The news reports were basically quite interesting in themselves. The personalised accounts provoked great envy: I would love to go on a cruise and turn up to dinner every evening in a different gown. And crossdressing fiction is, in general, straightforward erotic wish-fulfilment stuff, full of loving and exquisite detail of fabrics and cosmetics and accessories. Coleman, one would have thought, would provide some intellectual perspective. But you would be wrong. Here is part of an article I just grabbed at random:
Coleman: I had a letter from a woman whose husband is a transvestite. He has high blood pressure (which could kill him) and the evidence clearly shows that when he occasionally wears a frock his blood pressure is better controlled and he needs fewer drugs. Nevertheless, the wife won't let the husband wear a frock (or any other feminine clothing). She says it is disgusting. No it's not. But her attitude is.
Happy: Coleman
This kind of thing was typical of Coleman's writing. A good doctor would not dismiss the wife's viewpoint as meaningless in this way. The pain she feels is real. Perhaps there is some compromise that can be reached, but Coleman's response won't bring it any closer. Coleman, a medical doctor, is himself a crossdresser, although his Wikipedia entry is mysteriously quiet about that aspect of him. His articles in Beaumont were entitled "Diary of a Happy Crossdresser". I became so irritated with him that I considered some articles of my own: "Diary of an Unhappy Crossdresser", but I never did.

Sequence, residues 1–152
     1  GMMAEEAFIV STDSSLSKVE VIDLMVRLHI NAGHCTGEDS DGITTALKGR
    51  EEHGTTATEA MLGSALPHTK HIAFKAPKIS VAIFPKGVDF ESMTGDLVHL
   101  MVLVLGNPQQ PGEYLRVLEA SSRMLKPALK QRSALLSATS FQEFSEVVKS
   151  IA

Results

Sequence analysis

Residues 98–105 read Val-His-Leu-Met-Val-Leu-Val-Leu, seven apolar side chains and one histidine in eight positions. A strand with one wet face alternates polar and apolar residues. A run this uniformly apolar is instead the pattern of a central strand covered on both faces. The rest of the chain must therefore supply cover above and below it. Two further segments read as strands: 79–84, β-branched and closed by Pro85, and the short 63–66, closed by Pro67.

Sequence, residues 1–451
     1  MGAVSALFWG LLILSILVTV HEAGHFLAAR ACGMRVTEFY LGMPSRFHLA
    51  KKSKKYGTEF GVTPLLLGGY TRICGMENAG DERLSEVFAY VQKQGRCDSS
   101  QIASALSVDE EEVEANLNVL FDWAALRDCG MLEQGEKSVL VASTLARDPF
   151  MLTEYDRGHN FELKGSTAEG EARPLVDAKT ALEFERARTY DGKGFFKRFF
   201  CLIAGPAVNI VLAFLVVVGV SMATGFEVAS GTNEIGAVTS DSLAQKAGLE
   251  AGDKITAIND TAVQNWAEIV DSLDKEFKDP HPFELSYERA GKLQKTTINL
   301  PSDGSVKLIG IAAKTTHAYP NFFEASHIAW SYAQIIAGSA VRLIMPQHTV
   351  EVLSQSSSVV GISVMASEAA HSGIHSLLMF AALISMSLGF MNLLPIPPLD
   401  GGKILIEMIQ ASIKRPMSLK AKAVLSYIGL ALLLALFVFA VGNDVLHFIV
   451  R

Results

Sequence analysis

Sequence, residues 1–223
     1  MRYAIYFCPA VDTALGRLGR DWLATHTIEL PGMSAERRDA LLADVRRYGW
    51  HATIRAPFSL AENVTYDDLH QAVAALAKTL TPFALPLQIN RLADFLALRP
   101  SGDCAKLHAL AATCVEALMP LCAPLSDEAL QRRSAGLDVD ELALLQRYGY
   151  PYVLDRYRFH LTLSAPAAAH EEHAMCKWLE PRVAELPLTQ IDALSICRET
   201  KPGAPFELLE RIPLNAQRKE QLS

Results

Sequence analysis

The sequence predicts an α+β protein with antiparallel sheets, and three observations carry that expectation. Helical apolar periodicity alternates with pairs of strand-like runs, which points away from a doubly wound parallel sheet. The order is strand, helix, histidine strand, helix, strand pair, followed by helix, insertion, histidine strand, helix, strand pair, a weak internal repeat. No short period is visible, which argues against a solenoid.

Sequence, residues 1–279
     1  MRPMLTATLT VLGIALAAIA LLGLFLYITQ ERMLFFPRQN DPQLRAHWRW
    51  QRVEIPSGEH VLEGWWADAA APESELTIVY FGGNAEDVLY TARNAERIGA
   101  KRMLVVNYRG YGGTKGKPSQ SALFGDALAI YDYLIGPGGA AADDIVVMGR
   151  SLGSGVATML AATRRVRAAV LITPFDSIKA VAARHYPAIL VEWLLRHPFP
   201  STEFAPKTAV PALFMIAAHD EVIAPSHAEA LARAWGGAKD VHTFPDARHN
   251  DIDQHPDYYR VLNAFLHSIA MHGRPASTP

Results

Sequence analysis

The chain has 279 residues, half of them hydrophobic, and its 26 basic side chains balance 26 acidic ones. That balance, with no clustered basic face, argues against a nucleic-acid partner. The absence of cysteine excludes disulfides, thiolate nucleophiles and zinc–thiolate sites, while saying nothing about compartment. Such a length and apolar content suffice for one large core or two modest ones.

Instead I submitted a few articles of my own, with a scholarly slant. Some of them were published (and if you happen to have old copies of the Beaumont Magazines, I'm in there under this name). When I asked the editor what she thought of my submissions, she replied "Yes, they're interesting, but what we really want is more fiction". So I entered their creative writing competition, and won.

Beaumont members receive a Members' Directory annually, in which members can put their area of the country, as well as their (gasp!) email addresses. I had hoped someone would read my articles, make the connection, and get in touch to have the type of conversations I am now having on this blog. But nobody ever did.

Thirty years ago, John Pepper wrote this about the Beaumont Society:
Even my grasping the Beaumont Society lay now in the pile of life's litter back down the motorway. When it came to it, I'd not found any real travellers there, only an empty clatter of pearls and gossip over the coffee cups; too many men who saw femininity as a matron sequestered in a polite respectability and dominated by a male hegemony they had no desire, not surprisingly, to usurp. I'd had a spot of bother myself whipping up enough flutters of the eyelashes over excitements like It's a darling lacy suspender belt, dainty but a toughie and dresses that made every wiggle a wow! I didn't just want to paint my face. I wanted to paint my mind.